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Public overwhelmingly backs comprehensives over grammar schools to improve social mobility

Research for Sutton Trust urges action to tackle effect of 'summer learning gap' on disadvantaged pupils

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Research for Sutton Trust urges action to tackle effect of 'summer learning gap' on disadvantaged pupils

The public overwhelming backs comprehensive schools rather than grammar schools to improve social mobility, a new poll has found.

The findings of an Ipsos Mori survey come in a new study published by the Sutton Trust today, which suggests that people are increasingly pessimistic about opportunities for the younger generation.

When asked to chose from a list of options that would most help those from less advantaged backgrounds get ahead in life, 47 per cent selected “high-quality teaching in comprehensive schools”.

This compared to 23 per cent who opted for lower university tuition fees, 8 per cent for access to grammar schools, and 7 per cent for “access to private schools for families who can’t afford it”.

Just 4 per cent chose high-quality nurseries or child care.

In a commentary, the Sutton Trust said: “While good teaching has regularly been shown to have the greatest impact on the attainment of disadvantaged pupils, also notable was the very low percentage for high-quality early years provision, suggesting that the professional consensus on the importance of early years for life chances has not necessarily translated to the public at large.”

The survey, which questioned 2,001 adults in the week of the general election, found that just two-fifths (41 per cent) agree that people have equal opportunities to get ahead, compared to more than half (53 per cent) who said the same in 2008.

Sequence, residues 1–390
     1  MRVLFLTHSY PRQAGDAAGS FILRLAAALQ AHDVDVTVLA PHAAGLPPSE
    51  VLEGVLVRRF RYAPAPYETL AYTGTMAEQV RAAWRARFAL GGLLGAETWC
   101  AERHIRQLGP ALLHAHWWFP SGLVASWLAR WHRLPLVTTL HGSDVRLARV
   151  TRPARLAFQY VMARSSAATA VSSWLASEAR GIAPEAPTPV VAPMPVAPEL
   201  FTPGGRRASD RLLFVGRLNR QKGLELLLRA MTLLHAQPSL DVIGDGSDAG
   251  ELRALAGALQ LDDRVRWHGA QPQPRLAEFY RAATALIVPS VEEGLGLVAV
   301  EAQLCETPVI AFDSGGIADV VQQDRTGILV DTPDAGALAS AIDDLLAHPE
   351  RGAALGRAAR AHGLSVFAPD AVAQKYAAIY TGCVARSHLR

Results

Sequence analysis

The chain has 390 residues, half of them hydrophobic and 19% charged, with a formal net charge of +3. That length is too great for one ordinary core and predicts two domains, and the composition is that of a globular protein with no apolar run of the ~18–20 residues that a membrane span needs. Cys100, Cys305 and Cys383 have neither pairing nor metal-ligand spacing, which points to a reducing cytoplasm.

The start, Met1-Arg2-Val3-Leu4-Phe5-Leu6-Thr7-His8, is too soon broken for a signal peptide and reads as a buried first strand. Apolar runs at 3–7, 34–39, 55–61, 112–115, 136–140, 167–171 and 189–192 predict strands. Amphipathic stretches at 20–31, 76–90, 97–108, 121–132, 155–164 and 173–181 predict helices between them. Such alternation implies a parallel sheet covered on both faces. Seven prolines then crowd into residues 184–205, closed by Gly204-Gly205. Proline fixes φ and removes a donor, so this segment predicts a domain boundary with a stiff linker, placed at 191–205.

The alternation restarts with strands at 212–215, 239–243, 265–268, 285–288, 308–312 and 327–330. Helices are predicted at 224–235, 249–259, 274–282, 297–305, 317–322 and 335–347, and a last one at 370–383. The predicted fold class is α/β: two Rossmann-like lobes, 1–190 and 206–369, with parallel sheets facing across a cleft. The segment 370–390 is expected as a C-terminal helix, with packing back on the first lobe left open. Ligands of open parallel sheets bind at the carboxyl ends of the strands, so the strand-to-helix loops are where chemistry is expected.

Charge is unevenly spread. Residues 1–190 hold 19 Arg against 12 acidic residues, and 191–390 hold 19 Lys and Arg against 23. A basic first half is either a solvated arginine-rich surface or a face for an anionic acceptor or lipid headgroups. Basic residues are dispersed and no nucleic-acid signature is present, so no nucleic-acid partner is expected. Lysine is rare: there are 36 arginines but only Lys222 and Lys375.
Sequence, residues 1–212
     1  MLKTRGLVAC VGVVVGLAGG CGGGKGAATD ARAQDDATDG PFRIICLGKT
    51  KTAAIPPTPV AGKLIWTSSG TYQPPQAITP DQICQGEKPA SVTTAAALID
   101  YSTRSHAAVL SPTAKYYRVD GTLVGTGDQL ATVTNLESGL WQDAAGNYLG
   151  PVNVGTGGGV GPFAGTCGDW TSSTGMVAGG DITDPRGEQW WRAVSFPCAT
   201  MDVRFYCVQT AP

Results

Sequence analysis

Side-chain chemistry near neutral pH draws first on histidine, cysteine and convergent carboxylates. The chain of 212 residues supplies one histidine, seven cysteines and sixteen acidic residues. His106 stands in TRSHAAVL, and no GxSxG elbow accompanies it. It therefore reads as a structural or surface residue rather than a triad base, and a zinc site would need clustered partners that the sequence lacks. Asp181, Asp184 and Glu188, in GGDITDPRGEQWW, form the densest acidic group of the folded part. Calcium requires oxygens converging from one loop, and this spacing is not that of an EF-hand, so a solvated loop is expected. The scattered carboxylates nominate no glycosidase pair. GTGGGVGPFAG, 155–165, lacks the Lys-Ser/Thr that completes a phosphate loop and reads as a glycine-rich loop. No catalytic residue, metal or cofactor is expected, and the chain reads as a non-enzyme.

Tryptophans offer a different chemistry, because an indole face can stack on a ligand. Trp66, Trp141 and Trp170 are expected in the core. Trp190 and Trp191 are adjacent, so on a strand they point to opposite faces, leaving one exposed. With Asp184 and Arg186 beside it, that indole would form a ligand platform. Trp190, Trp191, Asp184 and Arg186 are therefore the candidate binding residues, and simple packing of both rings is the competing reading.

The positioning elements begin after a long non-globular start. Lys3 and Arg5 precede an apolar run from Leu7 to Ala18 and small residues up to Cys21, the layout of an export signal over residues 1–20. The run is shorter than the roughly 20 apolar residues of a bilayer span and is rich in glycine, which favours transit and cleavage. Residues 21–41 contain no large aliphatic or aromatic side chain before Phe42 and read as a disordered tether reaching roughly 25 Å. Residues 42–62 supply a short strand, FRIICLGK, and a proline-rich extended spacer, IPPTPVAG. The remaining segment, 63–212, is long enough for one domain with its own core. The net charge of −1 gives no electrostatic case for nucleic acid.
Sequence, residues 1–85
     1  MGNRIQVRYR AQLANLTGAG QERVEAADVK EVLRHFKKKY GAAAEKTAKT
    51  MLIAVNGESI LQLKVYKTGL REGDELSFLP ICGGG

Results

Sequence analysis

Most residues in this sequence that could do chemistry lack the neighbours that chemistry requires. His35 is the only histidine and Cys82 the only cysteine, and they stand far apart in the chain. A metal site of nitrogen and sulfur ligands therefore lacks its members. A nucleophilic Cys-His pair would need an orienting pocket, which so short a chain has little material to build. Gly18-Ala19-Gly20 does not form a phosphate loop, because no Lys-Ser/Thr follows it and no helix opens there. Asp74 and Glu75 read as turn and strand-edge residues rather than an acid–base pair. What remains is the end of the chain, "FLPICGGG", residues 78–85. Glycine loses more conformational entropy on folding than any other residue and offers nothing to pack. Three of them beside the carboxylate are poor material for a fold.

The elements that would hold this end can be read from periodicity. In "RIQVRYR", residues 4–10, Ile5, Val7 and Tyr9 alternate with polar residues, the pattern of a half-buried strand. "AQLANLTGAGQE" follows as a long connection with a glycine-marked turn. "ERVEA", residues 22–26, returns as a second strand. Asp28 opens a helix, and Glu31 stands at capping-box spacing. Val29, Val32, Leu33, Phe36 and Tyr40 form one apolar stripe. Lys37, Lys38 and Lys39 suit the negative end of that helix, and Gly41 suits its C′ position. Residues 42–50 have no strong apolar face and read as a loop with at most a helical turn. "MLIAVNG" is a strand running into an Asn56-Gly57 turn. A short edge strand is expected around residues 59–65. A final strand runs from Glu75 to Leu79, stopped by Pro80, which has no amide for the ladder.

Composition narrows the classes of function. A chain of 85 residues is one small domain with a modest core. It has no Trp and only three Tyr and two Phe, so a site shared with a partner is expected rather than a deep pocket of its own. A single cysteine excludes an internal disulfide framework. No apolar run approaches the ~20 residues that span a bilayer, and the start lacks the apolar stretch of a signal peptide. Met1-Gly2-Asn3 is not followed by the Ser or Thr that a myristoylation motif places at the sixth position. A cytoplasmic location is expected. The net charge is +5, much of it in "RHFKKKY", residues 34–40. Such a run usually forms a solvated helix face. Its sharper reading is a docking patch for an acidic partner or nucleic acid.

Summer learning loss

The Sutton Trust also released research on the state of social mobility in the UK, carried out by the Boston Consulting Group, a management consultancy firm.

It called for action to address “summer learning loss”, which sees the educational divide between disadvantaged children and their peers widen over the long school holiday.

The authors said low-income students see their reading skills fall, while middle-income students experience “modest gains”, and said these differences were linked to differences in parenting and the home environment.

They said options to tackle the problem could include longer school days, with time dedicated to supervised homework, “as well as compulsory digital programmes to support learning through the summer”.

A Department for Education spokesman said more disadvantaged students than ever are attending university, and that the government was investing an extra £500 million a year into high-quality technical education.

He added: "We will also be building on the progress of our £72 million Opportunity Areas programme, which is bringing together local businesses, schools and councils in 12 social mobility 'coldspots' to create better opportunities for young people.

"This will help us to create a stronger, fairer and more prosperous society for every generation as we leave the European Union."

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